Wisconsin declares public health emergency due to COVID-19 spread on campuses


(MADISON, Wisc.) — Wisconsin Gov. Tony Evers declared a new public health emergency Tuesday amid an “alarming” increase in COVID-19 cases since college campuses reopened.

“We continue to learn more about this virus, but what we do know is that we are facing a new and dangerous phase of the COVID-19 pandemic here in Wisconsin,” Evers said in a statement. “We are seeing an alarming increase in cases across our state, especially on campus. We need folks to start taking this seriously, and young people especially.”

Due to the increase in cases, the governor also extended a statewide mask mandate, which was set to expire next week, through Nov. 21.

New cases have had “unprecedented, near-exponential growth,” Evers’ statement said, noting that from Aug. 31 to Sept. 21, the number of daily new cases rose from 678 to 1,791 — a 2.6-fold increase in three weeks. Within the past month, 18- to 24-year-olds have had a case rate five times higher than any other age group in the state, officials said, with the increase apparently driven by social gatherings.

The governor’s office pointed to the state university system, whose 13 universities have all reopened for in-person learning this fall, as a driver in the increasing numbers. Last week, six out of eight Wisconsin cities listed among the top 20 cities in the U.S. where COVID-19 cases were rising fastest are home to University of Wisconsin System campuses, officials said.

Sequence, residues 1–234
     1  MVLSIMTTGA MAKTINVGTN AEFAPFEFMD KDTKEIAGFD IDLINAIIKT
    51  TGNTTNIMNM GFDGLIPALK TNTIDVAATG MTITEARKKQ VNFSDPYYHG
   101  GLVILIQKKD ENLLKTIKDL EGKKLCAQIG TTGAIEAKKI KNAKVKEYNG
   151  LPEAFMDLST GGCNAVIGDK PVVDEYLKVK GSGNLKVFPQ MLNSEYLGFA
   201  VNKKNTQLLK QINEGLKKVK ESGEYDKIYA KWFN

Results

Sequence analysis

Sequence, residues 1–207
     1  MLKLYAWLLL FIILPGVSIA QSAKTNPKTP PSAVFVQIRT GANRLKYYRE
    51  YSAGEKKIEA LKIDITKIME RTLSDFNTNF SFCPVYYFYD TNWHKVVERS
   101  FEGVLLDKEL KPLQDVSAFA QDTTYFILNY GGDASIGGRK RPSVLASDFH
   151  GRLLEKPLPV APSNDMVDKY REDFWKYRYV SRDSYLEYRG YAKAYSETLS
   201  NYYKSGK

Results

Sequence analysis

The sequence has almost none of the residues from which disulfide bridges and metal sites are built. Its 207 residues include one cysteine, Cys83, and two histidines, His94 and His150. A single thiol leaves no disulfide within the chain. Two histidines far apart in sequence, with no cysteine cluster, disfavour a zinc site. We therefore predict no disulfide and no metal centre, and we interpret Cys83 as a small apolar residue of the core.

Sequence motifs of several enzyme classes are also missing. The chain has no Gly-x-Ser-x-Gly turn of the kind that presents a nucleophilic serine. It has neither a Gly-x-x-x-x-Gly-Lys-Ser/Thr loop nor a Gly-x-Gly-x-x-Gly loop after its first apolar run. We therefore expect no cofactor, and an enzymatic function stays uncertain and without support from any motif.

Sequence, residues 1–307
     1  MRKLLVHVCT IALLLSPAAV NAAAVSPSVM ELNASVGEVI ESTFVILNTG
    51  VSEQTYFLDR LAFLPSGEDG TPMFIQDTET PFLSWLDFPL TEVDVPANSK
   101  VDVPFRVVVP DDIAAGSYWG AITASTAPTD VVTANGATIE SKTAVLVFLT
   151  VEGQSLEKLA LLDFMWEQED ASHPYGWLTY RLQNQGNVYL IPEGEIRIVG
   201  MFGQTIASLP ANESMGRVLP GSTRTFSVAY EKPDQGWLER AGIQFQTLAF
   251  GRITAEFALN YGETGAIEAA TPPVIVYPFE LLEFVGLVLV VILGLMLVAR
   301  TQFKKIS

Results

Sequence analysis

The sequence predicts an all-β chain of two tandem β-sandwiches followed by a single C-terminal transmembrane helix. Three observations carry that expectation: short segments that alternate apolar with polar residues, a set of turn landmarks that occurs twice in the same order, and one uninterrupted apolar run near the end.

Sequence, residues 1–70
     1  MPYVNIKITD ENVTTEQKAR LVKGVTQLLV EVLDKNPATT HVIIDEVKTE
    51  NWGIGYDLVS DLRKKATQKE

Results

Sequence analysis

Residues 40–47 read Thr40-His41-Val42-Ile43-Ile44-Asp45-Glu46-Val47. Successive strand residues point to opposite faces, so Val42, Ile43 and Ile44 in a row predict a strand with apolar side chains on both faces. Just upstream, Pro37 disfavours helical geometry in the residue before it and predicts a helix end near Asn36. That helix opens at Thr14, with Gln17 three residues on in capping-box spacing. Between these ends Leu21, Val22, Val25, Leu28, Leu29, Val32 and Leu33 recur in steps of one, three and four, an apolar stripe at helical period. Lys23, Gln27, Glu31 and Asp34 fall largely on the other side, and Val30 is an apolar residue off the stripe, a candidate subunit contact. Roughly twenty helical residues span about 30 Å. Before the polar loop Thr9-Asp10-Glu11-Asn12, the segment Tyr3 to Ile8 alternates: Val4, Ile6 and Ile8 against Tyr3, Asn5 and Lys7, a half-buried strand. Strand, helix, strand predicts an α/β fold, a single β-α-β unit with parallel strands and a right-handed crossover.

Tensions have been escalating in Dane County, home to the flagship campus UW-Madison. Earlier this week, Dane County Executive Joe Parisi called on the university to go virtual amid rising cases in the county.

“Today, as our state surpasses the 100,000 case mark, we find ourselves in the midst of an unprecedented surge in COVID-19 cases fueled largely by the University System’s decision to return to in-person classes,” Parisi said in a statement, which noted that the rate of infection in the county was 3.5 times higher on Sunday than two weeks prior.

“COVID-19 is here, it’s spreading, and barring a major course correction this region and state are in store for countless tales of unnecessary human suffering,” he said.

Since Aug. 24, more than 2,650 confirmed cases of COVID-19 have been tied to the campus, according to data on UW-Madison’s website.

The university, which shifted to virtual learning for two weeks on Sept. 10 and quarantined two dorms amid rising cases on campus, responded by asking the county to partner with them in enforcing safe behavior off-campus.

“We know these gatherings can lead to the spread of COVID-19 but UW-Madison does not have jurisdiction to shut down gatherings in off campus areas,” Chancellor Rebecca Blank said in a statement. “Until those agencies with enforcement authority take additional action, we shouldn’t expect to see a rapid decline in cases in Dane County.”

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